Temple Court Building in Financial District has renovated atrium declared a landmark

Temple Court Building (now The Beekman Hotel) 3 – photo credit Landmarks Preservation Commission
Courtesy of the NYC Landmarks Preservation Commission.

The Financial District’s Temple Court Building and Annex, which were declared landmarks more than a quarter-century ago, received further protection on Tuesday.

The city’s Landmarks Preservation Commission unanimously voted to bestow interior landmark status to the building’s atrium, which had been closed to the public for years before being restored when the building was transformed into The Beekman Hotel in 2013 by GFI Development.  

The building dates back to 1881 when it was first commissioned by Eugene Kelly, after the financial panic of 1879. The nine-story building at 5 Beekman St., designed by the firm Sililman and Farnsworth, officially opened in 1883 with more than 200 offices.

“The Temple Court Building’s stunning skylighted atrium combined engineering ingenuity with beautiful design and incredible workmanship and helped make this building one of the most celebrated downtown towers of its era,” said Sarah Carroll, Landmarks Preservation Commission chair. 

Courtesy of NYC Landmarks Preservation Commission.

Beyond its alluring design, the building is a testament to historic architecture in New York City as it is the earliest-remaining tall “fireproof” office building in the city.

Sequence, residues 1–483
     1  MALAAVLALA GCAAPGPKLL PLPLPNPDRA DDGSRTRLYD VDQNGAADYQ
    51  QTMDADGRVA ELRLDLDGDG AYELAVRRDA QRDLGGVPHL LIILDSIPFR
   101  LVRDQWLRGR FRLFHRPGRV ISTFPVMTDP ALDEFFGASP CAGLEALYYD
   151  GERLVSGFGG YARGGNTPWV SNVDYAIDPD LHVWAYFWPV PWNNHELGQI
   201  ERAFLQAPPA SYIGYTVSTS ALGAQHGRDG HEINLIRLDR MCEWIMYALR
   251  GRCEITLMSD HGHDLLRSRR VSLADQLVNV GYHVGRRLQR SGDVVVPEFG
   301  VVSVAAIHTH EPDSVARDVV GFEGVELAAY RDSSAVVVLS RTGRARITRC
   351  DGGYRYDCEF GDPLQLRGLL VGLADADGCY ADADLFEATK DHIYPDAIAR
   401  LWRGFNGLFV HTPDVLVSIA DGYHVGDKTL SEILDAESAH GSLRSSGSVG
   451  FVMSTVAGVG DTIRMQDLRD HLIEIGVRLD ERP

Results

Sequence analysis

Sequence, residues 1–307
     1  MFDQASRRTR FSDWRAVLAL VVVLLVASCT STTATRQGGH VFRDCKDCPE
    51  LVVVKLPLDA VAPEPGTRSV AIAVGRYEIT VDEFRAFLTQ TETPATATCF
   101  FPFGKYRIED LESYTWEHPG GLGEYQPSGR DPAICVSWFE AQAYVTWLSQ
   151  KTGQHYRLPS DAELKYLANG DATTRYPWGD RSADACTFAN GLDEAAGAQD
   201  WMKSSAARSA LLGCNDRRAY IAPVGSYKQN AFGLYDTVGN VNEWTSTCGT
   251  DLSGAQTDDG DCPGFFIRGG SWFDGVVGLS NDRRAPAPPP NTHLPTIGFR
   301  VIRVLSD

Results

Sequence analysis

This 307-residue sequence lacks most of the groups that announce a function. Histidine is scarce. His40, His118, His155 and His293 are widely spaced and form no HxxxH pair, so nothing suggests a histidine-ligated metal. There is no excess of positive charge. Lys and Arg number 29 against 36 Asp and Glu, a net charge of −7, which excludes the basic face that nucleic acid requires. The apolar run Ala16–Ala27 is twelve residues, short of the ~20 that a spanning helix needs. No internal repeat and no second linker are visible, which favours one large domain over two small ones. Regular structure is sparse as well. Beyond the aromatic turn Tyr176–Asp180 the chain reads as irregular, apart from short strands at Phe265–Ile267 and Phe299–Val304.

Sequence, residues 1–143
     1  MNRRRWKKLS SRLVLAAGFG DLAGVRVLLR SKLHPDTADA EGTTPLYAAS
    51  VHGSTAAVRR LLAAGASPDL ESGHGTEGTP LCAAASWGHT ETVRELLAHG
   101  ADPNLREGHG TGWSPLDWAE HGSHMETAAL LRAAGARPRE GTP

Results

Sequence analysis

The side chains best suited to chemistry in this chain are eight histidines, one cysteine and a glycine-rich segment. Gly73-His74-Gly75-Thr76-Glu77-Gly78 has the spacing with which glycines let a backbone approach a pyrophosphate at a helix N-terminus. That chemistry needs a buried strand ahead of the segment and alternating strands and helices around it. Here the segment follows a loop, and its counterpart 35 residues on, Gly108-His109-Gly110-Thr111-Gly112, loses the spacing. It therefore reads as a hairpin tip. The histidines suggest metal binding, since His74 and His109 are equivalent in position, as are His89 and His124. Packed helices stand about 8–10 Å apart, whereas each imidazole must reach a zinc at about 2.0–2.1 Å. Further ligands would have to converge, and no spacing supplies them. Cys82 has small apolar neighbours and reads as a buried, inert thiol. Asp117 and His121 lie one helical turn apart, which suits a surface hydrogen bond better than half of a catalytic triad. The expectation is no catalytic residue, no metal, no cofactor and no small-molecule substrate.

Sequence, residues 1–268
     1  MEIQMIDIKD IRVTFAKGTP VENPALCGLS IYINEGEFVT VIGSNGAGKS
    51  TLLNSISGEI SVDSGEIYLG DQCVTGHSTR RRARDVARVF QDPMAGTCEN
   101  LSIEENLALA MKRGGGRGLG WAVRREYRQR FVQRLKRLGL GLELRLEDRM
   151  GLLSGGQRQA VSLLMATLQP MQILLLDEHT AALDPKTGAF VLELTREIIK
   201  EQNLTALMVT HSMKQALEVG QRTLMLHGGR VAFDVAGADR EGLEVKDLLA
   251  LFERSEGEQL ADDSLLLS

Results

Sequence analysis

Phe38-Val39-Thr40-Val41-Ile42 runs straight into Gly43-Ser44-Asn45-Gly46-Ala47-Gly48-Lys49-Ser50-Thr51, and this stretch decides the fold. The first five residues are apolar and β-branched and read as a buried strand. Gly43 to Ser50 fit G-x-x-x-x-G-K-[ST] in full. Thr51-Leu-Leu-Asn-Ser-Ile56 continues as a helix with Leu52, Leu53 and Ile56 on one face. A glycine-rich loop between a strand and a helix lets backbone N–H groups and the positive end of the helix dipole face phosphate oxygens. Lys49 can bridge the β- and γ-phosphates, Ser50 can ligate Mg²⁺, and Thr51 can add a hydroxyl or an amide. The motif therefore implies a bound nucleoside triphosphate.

In the 19th century, a boom for taller buildings was possible with new construction technology and assets like elevators and iron floor beams. Before then, buildings only went as tall as four floors. As taller buildings rose in abundance, atriums also grew in popularity, as they allowed for natural light and ventilation. 

Due to fire safety concerns, the popularity of atriums dropped, and over the years, many were either removed or sealed off. As a result, atriums of this era are rare.

“A unique and historic interior atrium like this may be difficult to restore, but The Beekman has gifted us a remarkable precedent in creativity and passion necessary to preserve and protect New York City’s historic buildings and space,” said City Council Member Christopher Marte (D-Manhattan).